Aims To compare prospectively the surgical outcomes of different surgery procedures for convergence insufficiency (CI)-type intermittent exotropia (IXT) in children.
Methods Forty-five children with CI-type IXT were included in this prospective surgical study with 6 months follow-up. According to the different surgical procedures, all children were randomly divided into three groups: the unilateral medial rectus resection (UMR) group (15 cases), the bilateral medial rectus resections (BMR) group (14 cases) and the improved unilateral recession-resection (R&R) group (16 cases). In the UMR and BMR groups, the medial rectus resection(s) were based on the distance exodeviation. In the R&R group, UMR was based on the near exodeviation while lateral rectus recession was based on the distance exodeviation. A successful surgical alignment was defined as the distant deviation in the primary gaze to be between ≤10 prism dioptres (PD) of exophoria/tropia and ≤5 PD of esophoria/tropia. The success rate, the preoperative and postoperative deviations at distance and near and near-distance differences among groups were compared.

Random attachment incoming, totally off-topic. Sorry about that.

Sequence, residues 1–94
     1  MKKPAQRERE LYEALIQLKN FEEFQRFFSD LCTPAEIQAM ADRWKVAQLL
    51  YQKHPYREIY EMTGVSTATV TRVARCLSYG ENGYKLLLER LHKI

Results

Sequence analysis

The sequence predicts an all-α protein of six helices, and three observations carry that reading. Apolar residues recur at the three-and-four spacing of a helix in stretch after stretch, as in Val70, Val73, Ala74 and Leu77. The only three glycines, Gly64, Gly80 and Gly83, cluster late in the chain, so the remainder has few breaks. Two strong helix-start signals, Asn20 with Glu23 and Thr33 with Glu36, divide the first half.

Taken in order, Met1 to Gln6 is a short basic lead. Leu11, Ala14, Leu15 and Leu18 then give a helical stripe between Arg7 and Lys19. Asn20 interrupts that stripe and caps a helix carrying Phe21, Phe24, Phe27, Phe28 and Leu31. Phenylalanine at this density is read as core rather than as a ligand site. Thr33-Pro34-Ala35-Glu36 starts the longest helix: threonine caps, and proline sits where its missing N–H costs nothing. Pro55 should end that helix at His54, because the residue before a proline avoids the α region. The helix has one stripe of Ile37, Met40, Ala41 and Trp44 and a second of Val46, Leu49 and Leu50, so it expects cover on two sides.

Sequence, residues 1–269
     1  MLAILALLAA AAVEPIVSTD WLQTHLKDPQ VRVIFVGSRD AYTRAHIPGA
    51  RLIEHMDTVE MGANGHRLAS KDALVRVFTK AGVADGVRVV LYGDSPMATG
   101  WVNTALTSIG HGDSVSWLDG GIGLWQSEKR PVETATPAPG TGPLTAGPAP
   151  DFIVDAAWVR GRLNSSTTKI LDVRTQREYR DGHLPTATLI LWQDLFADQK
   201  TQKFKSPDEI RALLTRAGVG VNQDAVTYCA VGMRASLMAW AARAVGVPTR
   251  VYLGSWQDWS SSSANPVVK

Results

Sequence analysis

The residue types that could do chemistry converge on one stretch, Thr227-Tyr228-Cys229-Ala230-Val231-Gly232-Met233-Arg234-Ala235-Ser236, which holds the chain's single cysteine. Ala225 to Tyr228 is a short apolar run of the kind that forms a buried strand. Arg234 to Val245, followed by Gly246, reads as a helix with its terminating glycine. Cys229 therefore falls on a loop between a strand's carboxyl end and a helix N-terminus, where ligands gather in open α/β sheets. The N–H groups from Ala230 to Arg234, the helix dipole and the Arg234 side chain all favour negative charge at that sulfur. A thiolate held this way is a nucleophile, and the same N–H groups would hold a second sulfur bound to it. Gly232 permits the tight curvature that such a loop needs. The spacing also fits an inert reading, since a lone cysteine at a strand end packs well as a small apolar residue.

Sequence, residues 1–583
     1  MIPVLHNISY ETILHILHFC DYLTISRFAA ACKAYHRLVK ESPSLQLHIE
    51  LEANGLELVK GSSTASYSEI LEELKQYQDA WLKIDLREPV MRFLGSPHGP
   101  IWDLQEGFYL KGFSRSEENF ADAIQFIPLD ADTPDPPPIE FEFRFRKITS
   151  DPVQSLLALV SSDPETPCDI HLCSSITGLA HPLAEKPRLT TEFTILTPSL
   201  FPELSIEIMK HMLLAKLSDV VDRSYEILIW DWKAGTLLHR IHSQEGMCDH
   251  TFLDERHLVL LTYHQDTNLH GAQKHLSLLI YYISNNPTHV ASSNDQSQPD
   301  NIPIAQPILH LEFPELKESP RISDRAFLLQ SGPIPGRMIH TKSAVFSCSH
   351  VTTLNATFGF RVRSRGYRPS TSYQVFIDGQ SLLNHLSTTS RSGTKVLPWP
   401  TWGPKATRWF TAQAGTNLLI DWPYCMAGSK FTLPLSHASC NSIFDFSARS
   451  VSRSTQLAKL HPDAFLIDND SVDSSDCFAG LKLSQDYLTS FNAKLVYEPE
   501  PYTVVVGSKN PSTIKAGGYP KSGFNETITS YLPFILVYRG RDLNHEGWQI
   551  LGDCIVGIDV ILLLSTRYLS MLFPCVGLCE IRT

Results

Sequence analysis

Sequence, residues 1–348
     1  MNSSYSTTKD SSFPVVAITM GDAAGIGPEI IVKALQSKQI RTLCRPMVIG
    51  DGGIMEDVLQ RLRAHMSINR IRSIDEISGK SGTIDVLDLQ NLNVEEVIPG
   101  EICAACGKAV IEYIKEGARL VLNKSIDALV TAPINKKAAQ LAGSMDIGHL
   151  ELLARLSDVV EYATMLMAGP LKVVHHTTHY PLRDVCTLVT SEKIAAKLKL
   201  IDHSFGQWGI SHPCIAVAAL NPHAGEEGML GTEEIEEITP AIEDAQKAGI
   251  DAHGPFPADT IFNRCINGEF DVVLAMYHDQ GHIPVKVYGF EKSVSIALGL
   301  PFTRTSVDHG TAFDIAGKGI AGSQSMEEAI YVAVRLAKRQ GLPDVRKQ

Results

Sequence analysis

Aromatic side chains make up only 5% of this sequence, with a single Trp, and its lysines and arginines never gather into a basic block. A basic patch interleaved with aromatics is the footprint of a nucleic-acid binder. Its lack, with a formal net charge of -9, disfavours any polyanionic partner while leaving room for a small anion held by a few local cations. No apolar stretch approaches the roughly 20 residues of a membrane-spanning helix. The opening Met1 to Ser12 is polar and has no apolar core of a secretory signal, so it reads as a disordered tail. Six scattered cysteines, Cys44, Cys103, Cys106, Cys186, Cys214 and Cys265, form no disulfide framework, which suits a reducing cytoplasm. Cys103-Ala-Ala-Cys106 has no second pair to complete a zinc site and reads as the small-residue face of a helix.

Results At the last follow-up of 6 months, the success rate in the R&R (87.5%) group was significantly higher than those in the UMR (13.3%) and BMR (42.9%) groups (p=0.000 and 0.008); the mean exodeviations at distance and near in the R&R group were significantly different from those in the UMR and BMR groups (p=0.000 and 0.001); there were no significant differences in the mean near-distance differences between the R&R group and the other two groups (p>0.05).
Conclusions The improved R&R procedure in which medial rectus resection based on the near deviation with lateral rectus recession based on the distant deviation has a better alignment than the UMR and BMR surgeries for the treatment of children with CI-type IXT. All the UMR, BMR and improved R&R surgery can reduce near-distance differences in children with CI-type IXT.
- Child health (paediatrics)
- Treatment Surgery